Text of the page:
A specialist cancer unit in Cambridge dedicated to treating teenagers celebrated its second birthday today - and marked it with a super hero themed party on the ward.
The Teenage Cancer Trust unit at Addenbrooke's Hospital has treated 130 young people from across the Anglia region since it opened.
Many of them were there today to share the celebrations, including Shelbee Clarke from Kempston in Bedfordshire.
She has Ewings Sarcoma, a rare form of cancer, and has been receiving treatment for the past year.
The 19-year-old said, despite all she had been through, she had always had fun on the ward.
– Shelbee Clarke, 19, patient.
"It's great banter between the staff and the patients, they make it a lot easier. There's no point in being down about it, because if I'm down my tumour's not going to go 'Oh, I've upset her, I'm not going to grow anymore'. I might as well be happy about it, make a joke and that's the best way to fight through it."
Lily Anderson, from Bury St Edmunds, spent last summer being treated for Hodgkin's Lymphoma while she should have been taking her GCSE exams.
She said it made her feel isolated and lonely - but the Teenage Cancer Trust unit changed that.
– Lily Anderson, 16, patient.
"It helped in so many ways. It made me feel less alone, it made me feel like people actually understood what I was going through and people could help me and that I could talk to other people about the horrible gruesome things I have to go through."
Xtra Factor presenter Caroline Flack, who is an ambassador for the Teenage Cancer Trust, joined the celebrations today.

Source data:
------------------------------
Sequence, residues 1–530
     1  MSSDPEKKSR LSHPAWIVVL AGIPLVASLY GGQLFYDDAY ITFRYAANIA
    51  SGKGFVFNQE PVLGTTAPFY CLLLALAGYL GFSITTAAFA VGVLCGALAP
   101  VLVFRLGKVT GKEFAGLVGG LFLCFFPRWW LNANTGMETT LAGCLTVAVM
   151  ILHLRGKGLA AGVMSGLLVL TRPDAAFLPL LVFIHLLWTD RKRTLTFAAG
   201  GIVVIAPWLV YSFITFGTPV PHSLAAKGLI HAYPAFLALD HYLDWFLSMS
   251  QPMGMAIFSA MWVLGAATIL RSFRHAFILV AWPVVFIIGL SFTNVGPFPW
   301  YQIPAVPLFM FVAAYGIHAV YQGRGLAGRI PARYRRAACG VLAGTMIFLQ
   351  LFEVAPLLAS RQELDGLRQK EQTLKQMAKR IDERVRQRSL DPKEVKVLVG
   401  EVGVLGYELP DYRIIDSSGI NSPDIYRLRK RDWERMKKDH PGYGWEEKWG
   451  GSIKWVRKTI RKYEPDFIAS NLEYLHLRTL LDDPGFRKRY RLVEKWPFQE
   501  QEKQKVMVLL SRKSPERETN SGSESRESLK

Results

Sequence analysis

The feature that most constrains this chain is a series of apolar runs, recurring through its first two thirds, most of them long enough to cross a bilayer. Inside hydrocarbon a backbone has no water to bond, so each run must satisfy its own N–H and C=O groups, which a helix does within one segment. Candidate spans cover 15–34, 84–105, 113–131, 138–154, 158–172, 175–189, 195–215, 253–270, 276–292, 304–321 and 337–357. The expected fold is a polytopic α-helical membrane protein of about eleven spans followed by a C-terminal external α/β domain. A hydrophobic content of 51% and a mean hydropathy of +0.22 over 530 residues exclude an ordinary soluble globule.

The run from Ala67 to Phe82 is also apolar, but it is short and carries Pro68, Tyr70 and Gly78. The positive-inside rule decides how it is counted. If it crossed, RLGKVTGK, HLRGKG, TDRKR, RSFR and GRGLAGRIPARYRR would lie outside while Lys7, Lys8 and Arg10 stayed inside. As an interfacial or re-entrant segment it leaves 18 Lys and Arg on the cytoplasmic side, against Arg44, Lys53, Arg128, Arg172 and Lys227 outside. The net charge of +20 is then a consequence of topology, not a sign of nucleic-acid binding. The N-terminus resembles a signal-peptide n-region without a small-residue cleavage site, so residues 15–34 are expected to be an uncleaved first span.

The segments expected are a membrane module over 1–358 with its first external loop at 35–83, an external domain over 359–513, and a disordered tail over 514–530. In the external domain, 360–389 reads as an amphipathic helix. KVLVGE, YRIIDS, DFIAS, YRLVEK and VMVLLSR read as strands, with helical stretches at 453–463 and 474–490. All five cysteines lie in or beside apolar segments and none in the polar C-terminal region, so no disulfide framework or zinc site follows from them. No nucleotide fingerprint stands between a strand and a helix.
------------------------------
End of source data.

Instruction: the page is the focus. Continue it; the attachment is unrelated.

She said she was impressed with what she had seen and the effect it had on the young patients.
She said: "When you walk into a unit, it doesn't feel like a hospital. It feels like a social area and a place you can hang our and talk to people who know what you're going through."
The hospital believes having a unit that allows young cancer patients to be treated together increases their chances of survival.
– Dr Helen Hatcher, Cambridge University Hospitals.
"There's a lot of increasing evidence to suggest that if you have specialist units, it is improving outcomes because you increase access to clinical trials and therefore people are able to access the most relevant up to date treatment.
"It means very rare cancers are treated together, so again you get experts working with those young people and those cancers and then you are going to improve the outcome and survival of those people."
The Cambridge unit was built thanks to charity donations from people in this region and it relies on further fundraising to keep it going.
To hear more from patients at the Teenage Cancer Trust unit, watch Elodie Harper's report below.